Extension publications (written, video or audio) educate stakeholders about identified community needs and are available as a resource. Topics of publications address issues with evidence-based information or original research.

Peer-reviewed publications are research-based educational materials or original research subjected to the scrutiny of other experts in the field according to the following policies. Peer review allows other experts to review the author's publication, verify information, and ensure high standards for publications. Publications that have undergone peer review are often of higher quality, are more respected, and add to a reliable body of knowledge. The area director serves as the content editor who makes final decisions to accept or reject publications based on peer review.

These policies apply to Extension peer-reviewed publications as detailed below. When writing journal articles for other publications, authors should contact those entities for style guidelines and specifications.

These policies enhance the credibility, professionalism and scientific rigor of Extension publications, to more effectively share knowledge, protect authors' work and strengthen scholarship credentials. University faculty and staff are responsible for the accuracy and overall integrity of educational resources they produce. These resources are referred to below as "publications."



Anonymous Review Process

  • Extension uses a double-blind peer-review process, which is the responsibility of the area director. In double-blind peer reviews, reviewers do not know who the authors are, and authors do not know who the reviewers are.
  • Authors may suggest some possible reviewers, but the area director chooses who to ask to review the document.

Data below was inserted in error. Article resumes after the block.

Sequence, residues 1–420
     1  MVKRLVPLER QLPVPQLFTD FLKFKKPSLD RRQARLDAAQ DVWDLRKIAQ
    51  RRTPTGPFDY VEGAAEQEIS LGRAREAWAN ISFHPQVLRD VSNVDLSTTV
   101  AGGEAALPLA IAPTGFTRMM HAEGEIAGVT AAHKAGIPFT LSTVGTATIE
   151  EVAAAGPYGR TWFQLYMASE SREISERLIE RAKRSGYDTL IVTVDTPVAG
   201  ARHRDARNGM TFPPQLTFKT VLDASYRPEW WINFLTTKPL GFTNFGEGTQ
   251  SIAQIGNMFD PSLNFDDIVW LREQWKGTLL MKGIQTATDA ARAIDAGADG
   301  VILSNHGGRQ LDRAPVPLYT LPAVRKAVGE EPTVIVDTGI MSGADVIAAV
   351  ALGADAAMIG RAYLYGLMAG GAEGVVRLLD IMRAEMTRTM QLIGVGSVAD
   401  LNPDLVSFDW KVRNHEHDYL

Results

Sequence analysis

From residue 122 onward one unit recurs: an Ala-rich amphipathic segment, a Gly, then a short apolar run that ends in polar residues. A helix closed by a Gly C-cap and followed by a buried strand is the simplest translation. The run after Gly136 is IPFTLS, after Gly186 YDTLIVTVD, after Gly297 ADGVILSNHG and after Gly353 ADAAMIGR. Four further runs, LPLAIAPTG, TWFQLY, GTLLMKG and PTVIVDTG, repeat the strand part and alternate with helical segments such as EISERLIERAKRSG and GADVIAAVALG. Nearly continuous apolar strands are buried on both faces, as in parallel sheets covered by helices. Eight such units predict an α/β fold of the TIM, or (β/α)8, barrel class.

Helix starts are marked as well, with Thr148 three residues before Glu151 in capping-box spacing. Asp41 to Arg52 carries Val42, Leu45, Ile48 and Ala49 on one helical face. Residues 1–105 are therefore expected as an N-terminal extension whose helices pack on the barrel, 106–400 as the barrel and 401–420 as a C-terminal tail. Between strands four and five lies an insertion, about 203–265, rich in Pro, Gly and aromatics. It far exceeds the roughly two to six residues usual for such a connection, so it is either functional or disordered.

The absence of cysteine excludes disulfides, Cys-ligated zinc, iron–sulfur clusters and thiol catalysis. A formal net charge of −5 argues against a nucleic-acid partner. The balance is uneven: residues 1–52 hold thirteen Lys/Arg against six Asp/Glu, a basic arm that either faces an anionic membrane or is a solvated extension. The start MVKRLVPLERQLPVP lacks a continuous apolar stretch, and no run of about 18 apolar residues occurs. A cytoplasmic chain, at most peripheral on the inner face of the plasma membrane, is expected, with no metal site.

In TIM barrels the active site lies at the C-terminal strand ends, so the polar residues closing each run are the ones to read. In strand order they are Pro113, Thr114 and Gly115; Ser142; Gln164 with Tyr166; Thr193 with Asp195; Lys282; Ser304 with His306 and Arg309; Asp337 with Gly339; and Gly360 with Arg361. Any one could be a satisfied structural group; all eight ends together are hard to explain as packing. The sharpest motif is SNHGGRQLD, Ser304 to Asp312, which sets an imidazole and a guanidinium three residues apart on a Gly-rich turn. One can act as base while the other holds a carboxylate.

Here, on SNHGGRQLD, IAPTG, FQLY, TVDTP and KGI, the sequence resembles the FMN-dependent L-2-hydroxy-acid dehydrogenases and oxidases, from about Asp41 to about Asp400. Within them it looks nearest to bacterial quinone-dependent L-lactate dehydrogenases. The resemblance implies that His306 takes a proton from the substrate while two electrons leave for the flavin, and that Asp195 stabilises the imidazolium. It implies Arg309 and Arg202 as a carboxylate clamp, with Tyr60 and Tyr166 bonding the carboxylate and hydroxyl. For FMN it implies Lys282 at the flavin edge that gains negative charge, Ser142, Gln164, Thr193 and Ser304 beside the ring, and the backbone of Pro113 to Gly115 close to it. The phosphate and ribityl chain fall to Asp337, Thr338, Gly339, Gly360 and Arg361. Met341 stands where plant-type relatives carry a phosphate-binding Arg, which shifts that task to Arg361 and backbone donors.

• The area director is responsible for ensuring that reviewers' suggestions are addressed and appropriately incorporated by the author. If the author wants to reject comments of substance, justification must be provided to and approved by the area director.

Required Reviewers

  • All peer-reviewed publications require a minimum of two quality reviews from subject matter experts (someone that possesses a deep understanding of a particular subject via education or experience) determined by the Area Director.
  • Web-based programs and apps must also include a review by one multimedia or internet-technology expert. 
  • When publications are translated from English into another language, an additional competent translator of that language shall review that the translation is appropriate for the reading level and culture of the intended audience. After this review and approval, the publication would receive a separate number. 


  • Authorship requires at least one author to have a University of Nevada, Reno Extension academic or administrative faculty appointment. 
  • An individual must make a substantial, original contribution to the scholarly work to be considered a co-author. In cases where authorship is questioned, the area director can make a final determination.
  • It is the responsibility of authors to make sure their publications do not contain any instances of plagiarism or copyright infringement.
  • The publications should be written at a level of understanding and readability for the intended audience. 

Collaborative Publications